Novella a Day in May #20

The Murder of Halland – Pia Juul (2009, trans. Martin Aitken 2012, 189 pages)

This novella is published by Peirene Press who specialise in publishing contemporary European novellas, aimed to be read in one sitting. The Murder of Halland is part of their Small Epic series.

The story opens with a domestic scene, Bess and her partner Halland watching a detective series before he goes to bed and she returns to her study to continue her work as a successful novelist. By the third page however, she is woken by a man at the door claiming he is arresting her for the murder of her husband: Halland has been shot dead in the town square outside their flat.

“The wet cobbles glistened in the morning light. Normally, the square would be deserted. Now it was filling with people. Roses bloomed against the yellow and whitewashed walls.”

While The Murder of Halland could be classed as a crime novel, I think this is misleading.  The focus is not on finding out who killed Halland but rather the grief of Bess as she ricochets around the small town in confusion, discovering Halland wasn’t quite who she thought he was and wondering if she is grieving in the right way.

“I could see why Halland had hung up the picture. It was our first year together and we were happy. Anyone could see that. At least I could, now. Halland’s hair had turned completely white during his illness, but here his long mane was dark and only just starting to turn in grey. I traced the sharp line of his nose with my finger, his full mouth. He was looking at me, saying something. What did we say to each other in those days? What did we ever say? I couldn’t remember us talking. Did we even say good morning? Yes, we said good morning.”

Bess’ detached narration makes The Murder of Halland an unsettling read. We know it was not a happy relationship, but we don’t know exactly why. We don’t know in what way Halland was ill. All Bess’ relationships seem to occur at a step removed: she has tense phone calls with her mother, a half-hearted reconciliation with her grandfather, an estranged daughter who arrives back in her life but they don’t explore what this means for either of them…

This strange detachment meant that I started to doubt Bess’ reliability as a narrator. When I read crime fiction it’s weirdly, for comfort, partly because I stick to Golden Age, and partly for all the ends to be tied up nice and neatly.  The Murder of Halland is not this type of novel. It leaves the reader with many more questions than answers, most of all through it’s “WHAT????” ending . Surprisingly, I didn’t think this made for an unsatisfactory read. The Murder of Halland is an intriguing character study at a moment of crisis, as complicated and unresolved as life itself.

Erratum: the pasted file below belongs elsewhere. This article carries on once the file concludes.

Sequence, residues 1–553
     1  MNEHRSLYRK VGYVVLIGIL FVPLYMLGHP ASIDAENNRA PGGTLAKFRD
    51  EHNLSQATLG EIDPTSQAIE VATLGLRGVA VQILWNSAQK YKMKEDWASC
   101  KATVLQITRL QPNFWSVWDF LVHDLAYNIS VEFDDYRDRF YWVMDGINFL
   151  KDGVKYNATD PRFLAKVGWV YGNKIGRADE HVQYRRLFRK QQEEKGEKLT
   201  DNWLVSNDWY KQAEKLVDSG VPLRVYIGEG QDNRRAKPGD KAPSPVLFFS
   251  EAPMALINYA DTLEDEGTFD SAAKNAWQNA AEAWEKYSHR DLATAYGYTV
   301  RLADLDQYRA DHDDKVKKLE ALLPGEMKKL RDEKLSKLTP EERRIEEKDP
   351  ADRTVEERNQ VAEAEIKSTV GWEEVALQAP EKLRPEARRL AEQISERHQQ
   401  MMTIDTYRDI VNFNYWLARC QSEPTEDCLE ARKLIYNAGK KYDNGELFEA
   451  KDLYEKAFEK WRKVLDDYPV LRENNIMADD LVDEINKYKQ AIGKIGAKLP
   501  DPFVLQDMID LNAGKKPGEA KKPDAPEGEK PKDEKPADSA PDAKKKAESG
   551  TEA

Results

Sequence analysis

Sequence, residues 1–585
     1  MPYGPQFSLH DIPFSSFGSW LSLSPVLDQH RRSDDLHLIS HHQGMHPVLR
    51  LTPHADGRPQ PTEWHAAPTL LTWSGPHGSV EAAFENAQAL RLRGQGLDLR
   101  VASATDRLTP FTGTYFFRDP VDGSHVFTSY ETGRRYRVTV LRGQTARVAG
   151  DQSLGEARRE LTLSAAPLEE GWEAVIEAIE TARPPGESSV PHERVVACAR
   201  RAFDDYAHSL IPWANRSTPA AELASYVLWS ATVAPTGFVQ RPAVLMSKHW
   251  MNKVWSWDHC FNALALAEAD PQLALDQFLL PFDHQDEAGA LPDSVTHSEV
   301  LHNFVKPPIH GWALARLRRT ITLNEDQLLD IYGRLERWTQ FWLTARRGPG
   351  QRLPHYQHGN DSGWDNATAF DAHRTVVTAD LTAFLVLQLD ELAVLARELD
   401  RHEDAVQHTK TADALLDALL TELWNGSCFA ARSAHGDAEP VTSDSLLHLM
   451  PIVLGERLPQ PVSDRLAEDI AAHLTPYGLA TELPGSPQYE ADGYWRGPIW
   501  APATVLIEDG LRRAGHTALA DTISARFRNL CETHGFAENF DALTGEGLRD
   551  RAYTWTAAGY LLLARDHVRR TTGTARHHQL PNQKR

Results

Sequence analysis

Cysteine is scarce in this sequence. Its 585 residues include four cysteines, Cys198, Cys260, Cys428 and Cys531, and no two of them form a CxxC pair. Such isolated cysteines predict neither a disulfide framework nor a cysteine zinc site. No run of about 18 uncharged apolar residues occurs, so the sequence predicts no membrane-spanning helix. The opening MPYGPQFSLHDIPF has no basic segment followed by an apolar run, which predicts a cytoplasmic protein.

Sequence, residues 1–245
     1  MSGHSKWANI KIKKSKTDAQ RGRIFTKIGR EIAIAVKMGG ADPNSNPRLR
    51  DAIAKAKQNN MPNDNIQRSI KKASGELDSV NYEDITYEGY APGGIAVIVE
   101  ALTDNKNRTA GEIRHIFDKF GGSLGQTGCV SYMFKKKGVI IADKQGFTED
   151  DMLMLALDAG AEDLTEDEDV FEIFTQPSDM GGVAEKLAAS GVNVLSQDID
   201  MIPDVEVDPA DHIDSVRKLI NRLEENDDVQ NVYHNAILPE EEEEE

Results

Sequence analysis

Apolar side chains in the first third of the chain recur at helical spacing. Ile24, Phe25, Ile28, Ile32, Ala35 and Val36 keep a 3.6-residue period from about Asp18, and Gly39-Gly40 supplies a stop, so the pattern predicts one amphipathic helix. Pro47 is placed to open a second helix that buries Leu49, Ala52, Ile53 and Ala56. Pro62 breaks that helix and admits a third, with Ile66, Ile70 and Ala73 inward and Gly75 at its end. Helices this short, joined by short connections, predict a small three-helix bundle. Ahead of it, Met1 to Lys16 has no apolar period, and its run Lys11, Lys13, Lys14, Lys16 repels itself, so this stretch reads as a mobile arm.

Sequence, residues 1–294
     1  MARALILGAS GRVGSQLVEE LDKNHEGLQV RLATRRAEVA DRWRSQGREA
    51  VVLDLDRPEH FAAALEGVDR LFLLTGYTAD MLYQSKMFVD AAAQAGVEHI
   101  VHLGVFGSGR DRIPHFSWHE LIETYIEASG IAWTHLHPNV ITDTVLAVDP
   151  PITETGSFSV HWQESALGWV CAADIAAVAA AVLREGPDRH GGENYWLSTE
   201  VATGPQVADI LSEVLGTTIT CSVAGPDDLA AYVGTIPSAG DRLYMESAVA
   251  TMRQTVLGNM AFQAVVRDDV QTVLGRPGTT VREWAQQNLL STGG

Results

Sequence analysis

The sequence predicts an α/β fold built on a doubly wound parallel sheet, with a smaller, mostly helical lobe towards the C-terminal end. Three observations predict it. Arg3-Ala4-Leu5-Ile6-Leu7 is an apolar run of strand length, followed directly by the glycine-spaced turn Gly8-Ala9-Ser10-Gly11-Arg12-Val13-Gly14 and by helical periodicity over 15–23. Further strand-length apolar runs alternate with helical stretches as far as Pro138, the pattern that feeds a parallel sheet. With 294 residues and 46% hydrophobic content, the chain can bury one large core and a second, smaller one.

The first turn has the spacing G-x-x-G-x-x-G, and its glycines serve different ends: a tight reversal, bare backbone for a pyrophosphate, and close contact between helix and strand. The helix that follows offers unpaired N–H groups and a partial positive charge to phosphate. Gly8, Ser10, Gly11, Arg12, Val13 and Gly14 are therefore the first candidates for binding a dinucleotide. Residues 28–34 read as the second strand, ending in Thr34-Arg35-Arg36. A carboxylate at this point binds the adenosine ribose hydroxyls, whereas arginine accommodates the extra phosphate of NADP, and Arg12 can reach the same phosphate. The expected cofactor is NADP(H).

15 thoughts on “Novella a Day in May #20

  1. I read this a couple of years ago, and although I usually stick to Golden Age crime too, I rather enjoyed it. It is unsettling and very atmospheric I felt. I am sitting here now struggling to remember the ending though.

    Liked by 1 person

  2. I really like the way this book pushes back against the reader’s usual expectations of a crime novel. As you say, it’s a character study of a woman at a time of crisis – that summaries it perfectly.

    Liked by 1 person

  3. I liked the sound of this book, bought it, added it to my shleves then forgot about it. Read another review, liked the sound of it, bought it, and added it to my shelves only then finding the first copy – and I still haven’t read it. Perhaps it’s time to move it up the pile!

    Liked by 1 person

    • Haha! I’m glad I’m not the only one who buys books they already own 😀 I’ve organised my TBR now and donated the duplicates to the charity shop – I’m hoping the book-buying ban this year helps keep things under control (it won’t).

      I think the duplication is definitely a sign you should move it up the pile 🙂

      Liked by 1 person

    • I know! I think it’s working for them – they publish a lot and seem to be making money. I’ve really enjoyed what I’ve read by them. I’ve not read The Mussel Feast, I’ll look forward to hearing what you make of it.

      Lisa from ANZ Lit Lovers told me about Giramondo Publishing in Australia who have a series called Giramondo Shorts – they now do a series called Southern Latitudes which is novellas from the southern hemisphere. I fear for my TBR once my book-buying ban is over…


    • Hooray! I hope you enjoy it!

      Novellas are a great way to kid yourself that you are rocketing through the TBR, even when you know the number of pages read is the same whether in a huge tome or a quick read! I’m finding my psychological delusion quite satisfying 😀

      Liked by 1 person

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